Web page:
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Foods Jews Love to Eat: Sephardic Jews Edition

November 1, 2018 | by David Kilimnick

I know nothing about Yemenite history. All I know is that they know how to make bread taste amazing.

I did a lot of research to make this article happen. I went undercover as an Ashkenazi Jew, with another friend, to a Sephardi friend’s home. Eating at a Moroccan Jew’s home for Shabbat dinner, I loved all the food I was able to eat without crying.

Here is what I ate and what I learned.

Jachnun, Malawwach, Kubaneh, Lachuch

Yemenites make the most amazing bread but then they make it sound extremely unappetizing by giving it names like Lachuch. They are trying to keep Ashkenazik Jews away from enjoying it. But I am on to them.

Like salad in pureed form? Salatim.

I know nothing about Yemenite history. All I know is that they know how to make bread taste amazing. The secret is fried. Oil or butter. As long as it is fried, it is heavenly. The Yemenite community might have lost some of their traditions while acclimating in Israel, but they know still know how to add fat to bread.


A very tasty dip for bread, which is part of the Israeli Salatim course. Salsa. I said it. Somebody is going to hate me for calling Matbucha salsa. If you are mad at me, take a tortilla chip, scoop out a little Matbucha and tell me it isn’t salsa.


Like salad in pureed form? Like your vegetables fried and cold? Like beets that are too spicy to eat? This is for you. If you call it Salatim then the fried eggplants sound healthy. You might know this as dips but I prefer to think of it as salad that tastes good and looks nothing like salad.

My friend’s Sephardic table had amazing bread and then to top it off, they brought out stuff to dip it in. After half an hour of dipping tasty bread, I saw what they were doing. As an Ashkenazi, I knew they were trying to fill me up, so that I’d be full when they brought out the meat.

I don’t know if eggplants are a Sephardic or Israeli thing. My Sephardic friends love eggplants. Does that sound racist? I hope not. I hope that the fact that I am basing all my thoughts about Sephardic Jews on three families that live in Israel doesn’t make me prejudiced.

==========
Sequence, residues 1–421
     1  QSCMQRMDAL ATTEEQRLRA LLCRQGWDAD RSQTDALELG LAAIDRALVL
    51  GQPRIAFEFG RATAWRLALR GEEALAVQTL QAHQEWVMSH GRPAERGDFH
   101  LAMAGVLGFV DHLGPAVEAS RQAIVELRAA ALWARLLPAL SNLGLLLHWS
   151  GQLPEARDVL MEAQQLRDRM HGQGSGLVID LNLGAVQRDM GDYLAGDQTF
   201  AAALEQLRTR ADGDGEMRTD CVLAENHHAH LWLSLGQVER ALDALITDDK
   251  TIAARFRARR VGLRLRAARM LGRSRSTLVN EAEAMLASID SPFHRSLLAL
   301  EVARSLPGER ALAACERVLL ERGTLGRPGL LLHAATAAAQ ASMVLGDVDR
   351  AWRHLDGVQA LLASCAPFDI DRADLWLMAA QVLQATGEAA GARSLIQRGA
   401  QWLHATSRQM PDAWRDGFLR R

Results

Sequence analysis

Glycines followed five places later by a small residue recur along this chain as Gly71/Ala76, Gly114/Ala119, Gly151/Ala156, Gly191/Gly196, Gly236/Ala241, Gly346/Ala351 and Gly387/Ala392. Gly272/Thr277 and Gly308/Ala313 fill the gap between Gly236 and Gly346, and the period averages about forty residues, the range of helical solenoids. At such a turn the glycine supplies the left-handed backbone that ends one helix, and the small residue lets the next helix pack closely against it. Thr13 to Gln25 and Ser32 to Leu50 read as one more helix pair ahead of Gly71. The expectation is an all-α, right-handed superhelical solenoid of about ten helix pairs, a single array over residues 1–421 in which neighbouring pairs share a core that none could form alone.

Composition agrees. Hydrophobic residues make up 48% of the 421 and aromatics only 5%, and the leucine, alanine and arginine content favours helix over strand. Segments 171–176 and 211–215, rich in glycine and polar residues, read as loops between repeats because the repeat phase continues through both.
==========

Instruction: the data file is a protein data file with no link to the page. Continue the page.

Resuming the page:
The topper for the Salatim course, this is spicier than the spicy stuff. If the pepper and hot sauce is not enough, they had me add Schug. This was to ensure that every Ashkenazi taste bud of mine was vaporized. When they saw that my face was not red, they added more Schug to my pudding.

Anything hot and spicy. Carrots, soaked in stuff that burns your mouth, that is Schug.


Poached eggs with a tomato and chili sauce. As long as the sauce is some kind of Matbucha or salsa, it works. Try huevos rancheros and tell me they didn’t steal this from the Mexicans.


Fish with a spicy tomato sauce. This North African dish is a Friday night favorite. After Shakshuka for breakfast, and Matbucha for the Salatim course, it is time for more Matbucha. I thought that I had to watch out for fish bones, to save my life. No. It was the spicy sauce. At this point, I accused them of pouring a bottle of Sriracha and Tabasco on everything. My friend said, and I quote, “This is a Chraime.” I was let down when the Sephardic father laughed. I was hoping that I could at least get away from puns if I visited Northern Africa.